Fun in the Reich - Military Trader/Vehicles

Fun in the Reich

The German national body for roller skating sports, the Federation of German Roller Sport Skating Clubs, was founded in 1911 in Leipzig. That same year, the first German roller figure skating championship was held in Stuttgart. During the 1920s and 1930s, Germany hosted a number of European and World Championships in roller hockey, roller speed skating, and roller figure skating.
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ID Card: Mannheim Ice and Roller Skating Club

by Bruce Kipp

In the latter half of the 19th Century, roller skating became popular in Europe. Germany’s first roller-rink was built in Berlin in 1876. As roller skating evolved from a recreational activity into a sport, roller skating clubs were formed in cities and towns and competitions were held.

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The German national body for roller skating sports, the Federation of German Roller Sport Skating Clubs, was founded in 1911 in Leipzig. That same year, the first German roller figure skating championship was held in Stuttgart. During the 1920s and 1930s, Germany hosted a number of European and World Championships in roller hockey, roller speed skating, and roller figure skating.

As part of the Nazi program to reinvigorate the German people, the party launched nation-wide sports and physical fitness programs. In 1933, Hitler appointed SA-Gruppenführer Hans von Tschammer und Osten as National Commissioner for Sports (Reichssportführer) and charged him to bring all German sports activity under Nazi control. To this end, he took control of the existing national body for sports and physical fitness, the German National Committee for Physical Training (DRA), and vested it as the supreme controlling authority of all German sports organizations. In July 1933, the civilian DRA was replaced by the government controlled German National Physical Training Union (DRL). Within a short time all amateur, semi-professional and professional sport groups lost their independence and became specialty groups in the DRL.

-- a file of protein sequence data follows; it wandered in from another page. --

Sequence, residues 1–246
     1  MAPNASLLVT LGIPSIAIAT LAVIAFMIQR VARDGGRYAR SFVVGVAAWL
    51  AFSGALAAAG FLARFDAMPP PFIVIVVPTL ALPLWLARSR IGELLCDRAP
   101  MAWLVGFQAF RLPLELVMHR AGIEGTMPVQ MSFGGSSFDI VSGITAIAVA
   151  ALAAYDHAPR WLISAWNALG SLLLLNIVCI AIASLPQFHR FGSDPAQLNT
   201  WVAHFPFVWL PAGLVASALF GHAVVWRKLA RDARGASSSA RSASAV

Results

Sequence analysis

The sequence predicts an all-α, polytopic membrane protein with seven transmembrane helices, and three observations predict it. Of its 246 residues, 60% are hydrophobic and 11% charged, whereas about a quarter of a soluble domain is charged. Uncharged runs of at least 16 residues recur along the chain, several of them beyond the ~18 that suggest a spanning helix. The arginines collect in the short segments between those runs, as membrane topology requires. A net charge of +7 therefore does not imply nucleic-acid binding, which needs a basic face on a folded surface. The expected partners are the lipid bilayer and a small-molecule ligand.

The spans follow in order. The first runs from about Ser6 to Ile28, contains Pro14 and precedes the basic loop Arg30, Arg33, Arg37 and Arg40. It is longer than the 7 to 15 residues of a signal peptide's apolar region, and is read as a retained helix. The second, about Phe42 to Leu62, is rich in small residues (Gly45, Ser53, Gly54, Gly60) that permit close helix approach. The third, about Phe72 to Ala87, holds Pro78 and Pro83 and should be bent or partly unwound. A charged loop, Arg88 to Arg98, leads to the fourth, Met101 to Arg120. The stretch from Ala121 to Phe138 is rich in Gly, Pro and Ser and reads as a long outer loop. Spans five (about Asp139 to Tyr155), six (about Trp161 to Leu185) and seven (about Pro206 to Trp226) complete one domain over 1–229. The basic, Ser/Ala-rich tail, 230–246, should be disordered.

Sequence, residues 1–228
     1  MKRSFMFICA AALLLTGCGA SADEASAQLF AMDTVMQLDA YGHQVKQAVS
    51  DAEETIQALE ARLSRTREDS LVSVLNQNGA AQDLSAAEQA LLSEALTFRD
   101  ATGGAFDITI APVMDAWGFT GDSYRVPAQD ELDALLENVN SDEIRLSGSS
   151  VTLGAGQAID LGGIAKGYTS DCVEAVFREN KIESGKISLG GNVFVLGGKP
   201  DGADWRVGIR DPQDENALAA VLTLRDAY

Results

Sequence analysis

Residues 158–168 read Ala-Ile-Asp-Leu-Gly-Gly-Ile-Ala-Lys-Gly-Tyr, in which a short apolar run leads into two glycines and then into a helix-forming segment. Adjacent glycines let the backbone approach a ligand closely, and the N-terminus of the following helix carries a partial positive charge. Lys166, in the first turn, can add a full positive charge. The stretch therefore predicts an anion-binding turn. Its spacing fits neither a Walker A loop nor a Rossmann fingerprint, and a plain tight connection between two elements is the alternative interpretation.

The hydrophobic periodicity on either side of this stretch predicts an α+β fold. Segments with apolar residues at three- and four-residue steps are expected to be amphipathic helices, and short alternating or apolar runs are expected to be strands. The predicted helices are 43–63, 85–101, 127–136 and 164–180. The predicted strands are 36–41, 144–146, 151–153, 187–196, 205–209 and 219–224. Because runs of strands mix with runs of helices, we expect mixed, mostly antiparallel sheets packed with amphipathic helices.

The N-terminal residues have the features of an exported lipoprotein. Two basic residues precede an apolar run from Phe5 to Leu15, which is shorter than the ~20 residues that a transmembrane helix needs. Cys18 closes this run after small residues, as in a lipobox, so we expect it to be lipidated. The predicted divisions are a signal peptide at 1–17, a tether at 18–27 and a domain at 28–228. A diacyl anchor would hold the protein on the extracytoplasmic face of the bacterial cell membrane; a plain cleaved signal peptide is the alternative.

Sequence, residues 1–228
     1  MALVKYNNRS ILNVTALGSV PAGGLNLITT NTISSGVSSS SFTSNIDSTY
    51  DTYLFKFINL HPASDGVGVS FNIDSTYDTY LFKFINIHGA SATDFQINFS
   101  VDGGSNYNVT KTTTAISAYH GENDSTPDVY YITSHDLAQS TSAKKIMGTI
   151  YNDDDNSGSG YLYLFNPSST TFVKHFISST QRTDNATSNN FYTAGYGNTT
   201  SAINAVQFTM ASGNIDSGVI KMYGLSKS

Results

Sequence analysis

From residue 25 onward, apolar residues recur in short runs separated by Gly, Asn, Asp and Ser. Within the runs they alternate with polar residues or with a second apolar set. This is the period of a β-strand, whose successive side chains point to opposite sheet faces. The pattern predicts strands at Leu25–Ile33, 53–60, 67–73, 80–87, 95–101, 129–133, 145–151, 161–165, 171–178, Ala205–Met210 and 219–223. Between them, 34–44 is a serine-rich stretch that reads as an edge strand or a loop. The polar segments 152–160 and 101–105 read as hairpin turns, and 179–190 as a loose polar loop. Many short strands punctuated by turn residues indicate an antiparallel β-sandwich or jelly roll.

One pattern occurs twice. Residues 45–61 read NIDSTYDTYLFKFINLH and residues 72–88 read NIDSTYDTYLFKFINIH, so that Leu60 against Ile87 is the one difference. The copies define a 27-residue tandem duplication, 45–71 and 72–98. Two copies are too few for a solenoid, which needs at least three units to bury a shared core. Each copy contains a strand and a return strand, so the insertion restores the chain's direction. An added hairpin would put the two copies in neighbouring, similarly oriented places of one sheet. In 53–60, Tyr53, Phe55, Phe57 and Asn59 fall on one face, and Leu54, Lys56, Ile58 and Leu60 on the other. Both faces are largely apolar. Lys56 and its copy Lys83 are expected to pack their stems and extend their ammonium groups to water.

This member’s identification card from the Mannheim Ice and Roller Skating Club is composed of gray, medium card stock about 12cm x 9cm in size. Its vertical, postcard-style, format consists of an obverse (front) and a reverse (back). The reverse (not shown) is blank. It was issued to 31-year old Karl Apfel, a resident of the Mannheim suburb of Neckarau.

This member’s identification card from the Mannheim Ice and Roller Skating Club is composed of gray, medium card stock about 12cm x 9cm in size. Its vertical, postcard-style, format consists of an obverse (front) and a reverse (back). The reverse (not shown) is blank. It was issued to 31-year old Karl Apfel, a resident of the Mannheim suburb of Neckarau.

The Mannheim Ice and Roller Skating Club (Mannheimer Eis- und Rollsport-Club — MERC) was formed in 1936, as a branch of Mannheim’s Rowing Club. Not having a facility of its own, they skated at a variety of locations. In the spring of 1938, they skated at the Rhine-Neckar Hall in Heidelberg until the Friedrichspark Ice Skating Stadium (Eisstadion am Friedrichspark) in Mannheim was built in February 1939. In June 1943, an Allied air raid destroyed the Friedrichspark Ice Skating Stadium, putting an end to ice skating and roller skating activity in Mannheim.

The MERC was part of “Specialty Group 13” (Fachamt 13: Eis- und Rollsport). In December 1938, Adolf Hitler issued a decree that reorganized the DRL and renamed it National-Socialist National League for Physical Training (Nationalsozialistischer Reichsbund für Leibesübungen —the NSRL). By 1 April 1939, the NSRL consisted of nearly 45,000 sports clubs and associations with some 3.5 million active members.

 Mannheim Ice and Roller Skating Club Dues Receipt.

Mannheim Ice and Roller Skating Club Dues Receipt.

MEMBER’S CARD

This member’s identification card from the Mannheim Ice Skating and Roller Skating Club is composed of gray, medium card stock about 12cm x 9cm in size. Its vertical, postcard-style, format consists of an obverse (front) and a reverse (back). The reverse (not shown) is blank. It was issued to 31-year old Karl Apfel, a resident of the Mannheim suburb of Neckarau.

In 1939, MERC formed an amateur ice hockey team to participate in the German league. In its very first season the team reached the quarter-finals before being defeated. They repeated this achievement in 1941. The MERC team reached the semifinals in 1942 and 1943 only to have the remaining matches canceled due to wartime restrictions on the home front. In June 1943, an Allied air raid destroyed the Friedrichspark Ice Skating Stadium and so put an end to ice hockey in Mannheim for the remainder of the war.

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